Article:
Hannah Walters

Hannah Walters is a ceramic artist based in Cardiff and was a 2019/20 recipient of the Fireworks Studios residency. Time spent working in her family’s antique centre has heavily inspired her work. It developed a real interest in objects and how they were made. She creates a mix of sculptural and functional items, often blurring the line between.

Her work mostly comprises of an unusual mix of crank clay and porcelain. This begins the discussions of value and conflict in her work. She aims to make contemporary antiques, objects tied to both the past and present. Her piece, Fragmented Urn, was commissioned by National Trust property, Newton House in 2021 and Vase with Flowers can be found in the Aberystwyth Ceramics Collection and Archive. Her ceramic sculptures have been shown across the UK, including at ‘Artefact’ at the Chelsea design centre, ‘Tanio//Ignite’ with Aberystwyth Art Centre and, ‘Collect 22’ at Somerset House in London.

Her work has been shown in art magazines and journals such as Ceramic Monthly USA, Emerging Potters and Studio Potter. She has also worked on projects with a number of organisations, this includes the Eden project and National Trust property, Trelissick Gardens. One notable project was ‘the Shiro project’, with the organisation ‘Global Gardens’ and funded by Grow Wild (an educational outreach from Kew Gardens). It was aimed at celebrating native fungi with the local community through contemporary ceramic and writing workshops.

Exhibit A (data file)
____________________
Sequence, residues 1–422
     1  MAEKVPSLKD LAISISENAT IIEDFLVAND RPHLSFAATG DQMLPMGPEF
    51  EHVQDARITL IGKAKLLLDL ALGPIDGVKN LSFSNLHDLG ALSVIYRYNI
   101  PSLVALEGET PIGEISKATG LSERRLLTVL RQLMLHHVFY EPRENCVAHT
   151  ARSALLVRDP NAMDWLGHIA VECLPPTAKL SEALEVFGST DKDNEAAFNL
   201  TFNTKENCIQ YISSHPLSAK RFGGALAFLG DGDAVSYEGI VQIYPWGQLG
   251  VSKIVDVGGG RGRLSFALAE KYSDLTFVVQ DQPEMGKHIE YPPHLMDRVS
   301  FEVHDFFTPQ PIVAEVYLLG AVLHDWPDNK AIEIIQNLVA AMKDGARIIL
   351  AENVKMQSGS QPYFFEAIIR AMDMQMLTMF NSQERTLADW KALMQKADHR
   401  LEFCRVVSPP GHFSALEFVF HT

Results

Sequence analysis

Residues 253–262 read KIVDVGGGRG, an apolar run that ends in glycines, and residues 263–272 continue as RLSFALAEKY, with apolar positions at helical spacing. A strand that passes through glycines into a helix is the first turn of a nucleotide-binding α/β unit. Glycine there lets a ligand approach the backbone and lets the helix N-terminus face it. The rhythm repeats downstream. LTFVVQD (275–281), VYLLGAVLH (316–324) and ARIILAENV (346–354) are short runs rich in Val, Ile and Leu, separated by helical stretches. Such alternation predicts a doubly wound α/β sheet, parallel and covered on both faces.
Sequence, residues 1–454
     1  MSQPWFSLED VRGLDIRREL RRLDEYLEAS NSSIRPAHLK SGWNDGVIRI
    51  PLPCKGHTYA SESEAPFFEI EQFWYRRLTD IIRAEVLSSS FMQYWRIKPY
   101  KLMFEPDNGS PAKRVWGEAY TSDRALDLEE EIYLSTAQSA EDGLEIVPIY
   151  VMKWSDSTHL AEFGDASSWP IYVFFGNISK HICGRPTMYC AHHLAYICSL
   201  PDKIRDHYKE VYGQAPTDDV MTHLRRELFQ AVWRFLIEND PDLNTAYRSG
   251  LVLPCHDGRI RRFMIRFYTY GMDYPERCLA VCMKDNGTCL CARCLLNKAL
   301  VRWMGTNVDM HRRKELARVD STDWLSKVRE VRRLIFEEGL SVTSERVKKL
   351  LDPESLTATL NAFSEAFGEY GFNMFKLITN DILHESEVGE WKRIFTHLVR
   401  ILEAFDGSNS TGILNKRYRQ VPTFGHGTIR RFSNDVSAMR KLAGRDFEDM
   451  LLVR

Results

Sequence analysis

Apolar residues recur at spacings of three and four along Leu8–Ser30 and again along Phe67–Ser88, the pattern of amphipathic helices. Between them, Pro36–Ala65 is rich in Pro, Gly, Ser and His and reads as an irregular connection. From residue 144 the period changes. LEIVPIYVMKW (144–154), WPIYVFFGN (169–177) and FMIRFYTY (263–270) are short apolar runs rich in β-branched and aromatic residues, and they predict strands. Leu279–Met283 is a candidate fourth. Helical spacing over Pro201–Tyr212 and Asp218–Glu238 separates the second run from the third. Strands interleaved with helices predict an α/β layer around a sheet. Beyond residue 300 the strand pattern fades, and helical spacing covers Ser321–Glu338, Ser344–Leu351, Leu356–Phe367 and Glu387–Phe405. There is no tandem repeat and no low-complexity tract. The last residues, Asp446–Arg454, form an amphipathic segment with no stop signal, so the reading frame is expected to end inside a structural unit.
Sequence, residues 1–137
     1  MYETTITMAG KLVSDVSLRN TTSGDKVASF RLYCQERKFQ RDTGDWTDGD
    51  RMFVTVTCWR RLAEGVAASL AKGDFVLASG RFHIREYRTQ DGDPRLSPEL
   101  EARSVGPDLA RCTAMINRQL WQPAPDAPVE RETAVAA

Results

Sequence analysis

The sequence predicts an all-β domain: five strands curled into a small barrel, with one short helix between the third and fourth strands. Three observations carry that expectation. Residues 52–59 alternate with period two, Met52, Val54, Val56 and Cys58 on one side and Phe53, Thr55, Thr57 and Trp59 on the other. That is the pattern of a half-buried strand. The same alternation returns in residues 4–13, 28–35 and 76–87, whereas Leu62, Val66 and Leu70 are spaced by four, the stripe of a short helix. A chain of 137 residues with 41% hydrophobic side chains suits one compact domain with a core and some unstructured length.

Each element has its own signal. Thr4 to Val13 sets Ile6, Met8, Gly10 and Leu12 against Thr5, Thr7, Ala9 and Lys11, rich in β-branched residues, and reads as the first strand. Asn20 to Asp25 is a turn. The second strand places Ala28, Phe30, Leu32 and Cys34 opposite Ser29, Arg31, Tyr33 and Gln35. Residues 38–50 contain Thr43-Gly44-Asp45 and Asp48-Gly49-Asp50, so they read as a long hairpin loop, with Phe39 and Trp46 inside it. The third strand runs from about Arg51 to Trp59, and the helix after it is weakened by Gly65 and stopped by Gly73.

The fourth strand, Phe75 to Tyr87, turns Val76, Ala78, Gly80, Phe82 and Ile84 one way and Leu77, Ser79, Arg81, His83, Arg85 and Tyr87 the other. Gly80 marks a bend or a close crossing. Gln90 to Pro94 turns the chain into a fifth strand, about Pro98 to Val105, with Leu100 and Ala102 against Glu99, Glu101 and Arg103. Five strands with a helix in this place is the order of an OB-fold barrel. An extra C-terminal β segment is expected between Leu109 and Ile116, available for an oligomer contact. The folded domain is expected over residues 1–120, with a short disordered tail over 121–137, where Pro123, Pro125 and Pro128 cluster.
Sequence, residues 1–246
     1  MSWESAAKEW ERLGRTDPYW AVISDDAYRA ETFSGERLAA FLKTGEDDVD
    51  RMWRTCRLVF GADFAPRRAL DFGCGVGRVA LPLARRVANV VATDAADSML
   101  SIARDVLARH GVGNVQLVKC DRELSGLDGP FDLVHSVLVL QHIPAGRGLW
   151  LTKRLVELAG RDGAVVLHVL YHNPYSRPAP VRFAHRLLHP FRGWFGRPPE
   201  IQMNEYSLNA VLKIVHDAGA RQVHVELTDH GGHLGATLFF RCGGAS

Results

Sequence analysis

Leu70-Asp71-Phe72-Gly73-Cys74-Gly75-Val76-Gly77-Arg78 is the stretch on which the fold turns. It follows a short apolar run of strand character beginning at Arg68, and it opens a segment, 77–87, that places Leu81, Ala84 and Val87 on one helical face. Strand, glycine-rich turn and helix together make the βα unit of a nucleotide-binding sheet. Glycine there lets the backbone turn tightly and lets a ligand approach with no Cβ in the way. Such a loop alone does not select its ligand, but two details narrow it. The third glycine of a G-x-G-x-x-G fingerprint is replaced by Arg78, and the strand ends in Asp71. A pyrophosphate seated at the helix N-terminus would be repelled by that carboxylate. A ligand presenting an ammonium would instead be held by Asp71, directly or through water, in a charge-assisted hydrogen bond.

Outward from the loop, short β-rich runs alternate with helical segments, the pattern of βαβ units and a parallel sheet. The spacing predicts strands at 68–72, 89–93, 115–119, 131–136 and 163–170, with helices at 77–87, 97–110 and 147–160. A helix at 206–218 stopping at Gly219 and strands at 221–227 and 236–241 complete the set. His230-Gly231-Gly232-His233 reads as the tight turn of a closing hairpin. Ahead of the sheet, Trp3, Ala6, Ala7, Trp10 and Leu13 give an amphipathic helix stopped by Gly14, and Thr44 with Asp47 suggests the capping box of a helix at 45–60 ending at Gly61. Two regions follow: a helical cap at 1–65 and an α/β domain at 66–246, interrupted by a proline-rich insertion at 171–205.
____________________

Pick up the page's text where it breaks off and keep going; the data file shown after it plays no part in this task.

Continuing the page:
Visit Hannah Walters’ website and Instagram page.

Featured work

Selected works, 2021

Hannah Walters Ceramics

The years I have spent working in an antiques centre has nurtured a true appreciation of objects, in particular with Delftware, Nant Garw porcelain and early Meissen. They evidence the West’s obsession with porcelain, the power of social status symbols, yet their value and desirability rises and falls according to interior trends.

My ceramic work is an amalgamation of this ornate antique aesthetic with a contemporary understanding of imagery. This can result in work such as a traditional vase, based on the forms of delicate Nant Garw porcelain, being built up with a crude array of stars and hearts.

If we view the traditional motifs of Delftware, Nant Garw and Meissen as containing a cultural vocabulary, one that was often appropriated as fashion, it is interesting to consider what their contemporary equivalent might be. The use of kitsch pop-symbols has become a language shared worldwide thanks to emojis. Combining these with such traditional forms creates a satirical fusion, questioning the vases elite status and reminding us of their original social history as objects of desire.